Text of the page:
Verity Harte, Melissa Lane

Research output: Chapter in Book/Report/Conference proceedingForeword/postscript

2 Scopus citations


The organizing focus of this volume is its exploration of themes associated with the multi-faceted Greek notion of politeia. Politeia is the Greek title of what the English-speaking world calls Plato’s Republic. It figures in the title of other surviving works of the fifth and fourth century bc, such as Xenophon’s Spartan Politeia, the so-called Old Oligarch’s (or ps.Xenophon) Athenian Politeia and the Aristotelian Politeia of the Athenians, in which titles the term is generally translated by ‘constitution’. It is picked up in later works such as the Politeia of Zeno of Citium and echoed in the Latin De republica of Cicero. Yet politeia as such — the meaning and range of the term — has received surprisingly little attention as a lens into ancient ideas about politics and ethics. The term’s first extant occurrence in a non-fragmentary text of known authorship is in Herodotus 9.34, where it means the condition of citizenship (its core meaning, according to Schofield 2006c: 33). By extension the term comes, in the writing of politeiai, to refer to that system of laws and practices in the civic community that constructs, educates and constrains a person’s condition of citizenship. Thus, for Aristotle, a politeia is the ‘form of life of a city (polis)’ (Pol. 4.11 1295a40, cited in Schofield 2006c: 33); for Isocrates, it is the ‘soul of the city (polis)’ (Orat. 12 (Panathenaicus), 138, cited in Bordes 1982: 128). Only secondarily is politeia a genre of writing focused on specific forms of rule or government, that is, on constitution (the most commonly used English translation of politeia) in the modern political sense.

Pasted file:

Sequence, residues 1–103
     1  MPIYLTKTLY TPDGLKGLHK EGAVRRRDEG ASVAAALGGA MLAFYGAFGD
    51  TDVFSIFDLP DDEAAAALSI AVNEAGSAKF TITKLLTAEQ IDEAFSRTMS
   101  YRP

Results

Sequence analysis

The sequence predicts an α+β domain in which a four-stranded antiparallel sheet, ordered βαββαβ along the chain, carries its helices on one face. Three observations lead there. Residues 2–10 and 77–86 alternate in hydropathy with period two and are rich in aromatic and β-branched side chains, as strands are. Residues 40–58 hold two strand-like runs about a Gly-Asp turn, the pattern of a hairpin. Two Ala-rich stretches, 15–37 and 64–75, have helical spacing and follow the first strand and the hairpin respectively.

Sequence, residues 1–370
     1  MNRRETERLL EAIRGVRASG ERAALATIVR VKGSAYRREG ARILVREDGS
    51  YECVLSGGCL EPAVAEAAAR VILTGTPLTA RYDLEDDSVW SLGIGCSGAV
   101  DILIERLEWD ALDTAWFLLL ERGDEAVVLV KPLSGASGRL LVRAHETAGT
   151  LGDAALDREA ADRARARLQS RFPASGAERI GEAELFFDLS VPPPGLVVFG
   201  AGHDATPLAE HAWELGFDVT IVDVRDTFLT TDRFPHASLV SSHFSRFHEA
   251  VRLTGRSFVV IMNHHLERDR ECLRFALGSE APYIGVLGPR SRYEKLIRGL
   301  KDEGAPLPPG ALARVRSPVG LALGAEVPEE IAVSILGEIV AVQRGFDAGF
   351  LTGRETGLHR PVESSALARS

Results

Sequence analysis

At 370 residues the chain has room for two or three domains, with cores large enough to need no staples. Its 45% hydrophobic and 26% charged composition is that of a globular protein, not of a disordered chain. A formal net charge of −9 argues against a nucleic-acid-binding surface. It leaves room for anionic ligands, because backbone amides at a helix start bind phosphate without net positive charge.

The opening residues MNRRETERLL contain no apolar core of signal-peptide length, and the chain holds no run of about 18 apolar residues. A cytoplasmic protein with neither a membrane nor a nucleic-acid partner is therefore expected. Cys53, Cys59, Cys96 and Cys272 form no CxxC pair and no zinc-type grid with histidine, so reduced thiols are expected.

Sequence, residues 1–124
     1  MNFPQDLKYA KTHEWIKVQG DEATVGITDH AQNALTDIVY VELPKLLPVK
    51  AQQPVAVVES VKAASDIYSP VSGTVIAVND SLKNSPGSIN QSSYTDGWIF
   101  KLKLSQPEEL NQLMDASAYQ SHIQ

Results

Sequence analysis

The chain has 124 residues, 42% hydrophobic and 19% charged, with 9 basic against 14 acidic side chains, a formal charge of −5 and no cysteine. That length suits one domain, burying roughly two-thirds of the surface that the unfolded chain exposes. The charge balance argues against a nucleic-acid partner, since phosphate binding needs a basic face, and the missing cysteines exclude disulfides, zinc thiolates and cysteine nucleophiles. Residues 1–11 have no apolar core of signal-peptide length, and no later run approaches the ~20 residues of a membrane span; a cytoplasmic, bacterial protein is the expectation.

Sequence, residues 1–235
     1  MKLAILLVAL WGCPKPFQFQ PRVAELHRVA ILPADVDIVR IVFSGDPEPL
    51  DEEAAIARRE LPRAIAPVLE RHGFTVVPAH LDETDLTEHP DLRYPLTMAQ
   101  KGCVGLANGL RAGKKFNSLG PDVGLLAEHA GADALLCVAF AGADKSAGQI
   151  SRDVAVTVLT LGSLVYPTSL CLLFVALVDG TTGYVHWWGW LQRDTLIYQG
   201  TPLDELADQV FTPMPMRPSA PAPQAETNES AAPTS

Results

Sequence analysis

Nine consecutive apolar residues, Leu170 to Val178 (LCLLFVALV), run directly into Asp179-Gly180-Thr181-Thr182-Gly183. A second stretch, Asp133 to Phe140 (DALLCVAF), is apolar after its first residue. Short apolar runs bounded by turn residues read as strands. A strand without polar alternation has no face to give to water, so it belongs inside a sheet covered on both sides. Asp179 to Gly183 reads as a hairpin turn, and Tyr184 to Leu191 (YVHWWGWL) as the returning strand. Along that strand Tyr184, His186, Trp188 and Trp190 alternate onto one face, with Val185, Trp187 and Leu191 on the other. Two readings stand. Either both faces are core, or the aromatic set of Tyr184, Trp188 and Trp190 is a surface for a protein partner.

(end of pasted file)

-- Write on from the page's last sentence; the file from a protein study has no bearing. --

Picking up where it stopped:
Original languageEnglish (US)
Title of host publicationPoliteia in Greek and Roman Philosophy
PublisherCambridge University Press
Number of pages12
ISBN (Electronic)9781139096843
ISBN (Print)9781107020221
StatePublished - Jan 1 2011

All Science Journal Classification (ASJC) codes

  • General Arts and Humanities


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